Can I use self raising flour?

    • Joanne September 14, 2016, 2:51 pm

      Hi Jessie, you can use self raising flour, but keep in mind that this will cause the scones to be lighter/airier in texture.

  • Holly B February 27, 2016, 11:05 am

    With so many recipes to choose from I chose yours. One reason was that they looked the best. The most important reason though is there is no egg in the recipe! I am allergic to egg whites. Thank you for that. The cranberry scones came out perfect! The second time I made them I used dried pineapple and fresh ginger. They were unbelievably delicious! Definitely 5 stars!

  • Carol Anne February 21, 2016, 2:57 pm

    Great recipe! This was my first try at making scones and they were delicious. I used the honey instead of sugar. Thanks for the pics, very helpful.

  • Akessia January 4, 2016, 1:05 pm

    These were very yummy and easy to make…nice and moist. I was a little worried because a lot of other recipes called for eggs or sour cream. I made a few mistakes but the still turned on delish. I forgot to cut them before putting them in the oven and used a whole stick of butter.

  • Michele Riedel December 26, 2015, 4:58 pm

    I just made these with Godiva Chocolate orange flavored candy bar and it was amazing! Use butter when you are ready to eat-it truly accentuates the flavor and helps moisten the dry outer crust.
    I didn’t use any implements-just my hands and it was very easy to form and work with. Instead of the coarse sugar, I used decorative sugars that I use on desserts.

  • sbeen December 3, 2014, 7:18 pm

    Hi, what type of scone cutter did you use, and how thick should the scones be before baking.

    Thank you

    • Joanne December 4, 2014, 3:56 pm

      Hi there, we just form the dough into a circle and cut it into triangles. No biscuit or scone cutter needed. (Unless you wanted to use one).

  • Rayaan July 7, 2014, 1:20 pm

    Does it have to be unsalted butter that you use or can I use usual everyday butter?

    • Joanne August 7, 2014, 1:24 pm

      Salted butter will work fine, just consider reducing the amount of salt called for in the recipe.

  • claudia June 4, 2014, 11:14 am

    Made them for my brunch yesterday 🙂 a big hit.. So easy. They came out perfect.. Thanks
    so much. Five stars!!!!!!

  • Stacy March 19, 2014, 2:57 pm

    Ah, this recipe is great.The scones come out beautiful and much less fatty (and with many more cranberries :)) than what is sold at coffee shops. Thank you very much, Joanne.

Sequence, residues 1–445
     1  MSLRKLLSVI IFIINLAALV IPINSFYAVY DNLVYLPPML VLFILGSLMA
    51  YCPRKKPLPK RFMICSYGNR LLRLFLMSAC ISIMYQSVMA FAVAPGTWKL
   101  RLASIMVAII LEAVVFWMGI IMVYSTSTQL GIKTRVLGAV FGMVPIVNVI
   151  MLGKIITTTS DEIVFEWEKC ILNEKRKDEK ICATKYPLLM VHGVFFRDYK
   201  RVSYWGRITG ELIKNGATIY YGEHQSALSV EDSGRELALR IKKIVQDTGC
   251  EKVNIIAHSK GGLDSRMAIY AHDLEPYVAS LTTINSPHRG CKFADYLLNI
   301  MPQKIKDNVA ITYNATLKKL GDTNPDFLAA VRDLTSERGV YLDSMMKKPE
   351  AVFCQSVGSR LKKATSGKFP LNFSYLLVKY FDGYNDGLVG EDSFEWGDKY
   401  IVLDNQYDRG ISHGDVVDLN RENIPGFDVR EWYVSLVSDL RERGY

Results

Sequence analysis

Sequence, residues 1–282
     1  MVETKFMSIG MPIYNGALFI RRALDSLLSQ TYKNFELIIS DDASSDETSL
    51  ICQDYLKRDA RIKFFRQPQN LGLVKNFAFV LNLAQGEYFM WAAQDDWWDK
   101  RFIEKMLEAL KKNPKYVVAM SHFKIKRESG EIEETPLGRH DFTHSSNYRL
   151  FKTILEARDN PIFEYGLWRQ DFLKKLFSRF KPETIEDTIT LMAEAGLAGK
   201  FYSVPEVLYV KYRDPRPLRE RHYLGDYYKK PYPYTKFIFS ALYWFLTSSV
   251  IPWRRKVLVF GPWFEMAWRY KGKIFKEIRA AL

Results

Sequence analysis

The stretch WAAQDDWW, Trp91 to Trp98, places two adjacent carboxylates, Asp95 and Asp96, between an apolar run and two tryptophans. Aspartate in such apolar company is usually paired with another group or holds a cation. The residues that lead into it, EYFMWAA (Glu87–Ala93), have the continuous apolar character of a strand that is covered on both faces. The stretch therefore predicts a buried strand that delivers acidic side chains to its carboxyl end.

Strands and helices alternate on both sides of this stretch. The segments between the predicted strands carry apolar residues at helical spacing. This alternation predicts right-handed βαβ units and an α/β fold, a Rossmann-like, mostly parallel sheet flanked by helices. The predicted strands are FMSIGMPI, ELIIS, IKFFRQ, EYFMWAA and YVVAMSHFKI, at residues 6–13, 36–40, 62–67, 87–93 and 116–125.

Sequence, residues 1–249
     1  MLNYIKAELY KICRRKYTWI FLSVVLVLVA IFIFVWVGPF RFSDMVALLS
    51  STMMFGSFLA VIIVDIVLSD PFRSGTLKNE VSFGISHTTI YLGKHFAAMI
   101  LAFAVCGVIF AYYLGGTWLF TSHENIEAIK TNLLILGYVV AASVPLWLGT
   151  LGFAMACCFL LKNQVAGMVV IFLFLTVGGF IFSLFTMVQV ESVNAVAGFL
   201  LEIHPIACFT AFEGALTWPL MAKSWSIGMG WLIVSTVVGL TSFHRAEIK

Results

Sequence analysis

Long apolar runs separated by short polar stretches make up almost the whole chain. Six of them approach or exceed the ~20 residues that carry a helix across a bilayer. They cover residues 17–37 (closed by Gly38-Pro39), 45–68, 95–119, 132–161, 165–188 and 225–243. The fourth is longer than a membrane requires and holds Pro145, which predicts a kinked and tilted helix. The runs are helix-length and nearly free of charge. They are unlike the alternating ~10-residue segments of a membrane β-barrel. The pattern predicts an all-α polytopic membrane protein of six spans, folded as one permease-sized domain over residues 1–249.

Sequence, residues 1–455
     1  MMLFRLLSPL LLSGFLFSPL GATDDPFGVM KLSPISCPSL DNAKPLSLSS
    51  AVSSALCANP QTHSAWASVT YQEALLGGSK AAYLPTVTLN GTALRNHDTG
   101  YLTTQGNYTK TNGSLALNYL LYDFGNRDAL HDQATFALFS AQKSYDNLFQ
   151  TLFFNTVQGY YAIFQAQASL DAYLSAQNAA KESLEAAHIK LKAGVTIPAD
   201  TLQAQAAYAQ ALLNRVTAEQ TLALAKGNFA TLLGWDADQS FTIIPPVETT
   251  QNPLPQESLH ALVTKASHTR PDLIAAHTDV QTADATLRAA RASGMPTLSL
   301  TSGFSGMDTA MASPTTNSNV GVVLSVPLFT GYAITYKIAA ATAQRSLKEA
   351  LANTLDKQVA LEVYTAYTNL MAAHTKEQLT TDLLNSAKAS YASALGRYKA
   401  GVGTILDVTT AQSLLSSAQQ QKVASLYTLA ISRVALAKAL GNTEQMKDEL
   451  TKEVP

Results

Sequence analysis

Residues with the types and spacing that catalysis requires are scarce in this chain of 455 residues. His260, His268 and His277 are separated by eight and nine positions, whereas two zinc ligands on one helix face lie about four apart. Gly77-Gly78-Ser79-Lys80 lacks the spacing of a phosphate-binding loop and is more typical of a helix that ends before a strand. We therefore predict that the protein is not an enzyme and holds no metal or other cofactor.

• Joanne March 20, 2014, 11:23 am

      So glad you enjoyed them 🙂

  • todd March 12, 2014, 2:28 pm

    Did you mean to say Baking power or baking soda… The recipe say power the mixing directions says soda?
    Prepare Dough: Whisk together flour, baking soda and the salt in a medium bowl.

    You Will Need

    2 cups (280 grams) all-purpose flour (we use Gold Medal’s unbleached all-purpose flour)
    1 tablespoon baking powder

    • Joanne March 17, 2014, 3:21 pm

      Sorry about that. We meant to say baking powder. There is no baking soda required in the recipe. We have updated the recipe to be more clear.

  • Melina March 9, 2014, 3:07 pm

    These were very good! It was my first time making scones and because you explained it so well, I’m not afraid of them at all now. thank you.

    • Joanne March 17, 2014, 4:30 pm

      Yay, so glad you made them 🙂

  • Susan H. March 7, 2014, 10:26 am

    These were delicious! I didn’t have a course sugar for the top, so I chrystalized some orange zest with granulated sugar on the stove for a couple of minutes and used that on top of the scones, and it was perfect. Next time I might even use more of it on top — gave it a nice little tang. Wonderful scone recipe!

    • Joanne March 17, 2014, 4:41 pm

      So glad you enjoyed them!

  • Lori @ Foxes Love Lemons December 4, 2013, 9:07 pm

    Such a great scone tutorial, and love the flavor combination of orange and cranberry. I learned scone-making in culinary school, and once you get the hang of it, they are such a breeze!


Leave a Comment

All comments are moderated before appearing on the site. Thank you so much for waiting. First time commenting? Please review our Comment Guidelines. By submitting your comment, you are agreeing to our Privacy Policy.

* Required fields (Email address will not be published)

Did you make it? How was it?:


Previous Post: Next Post: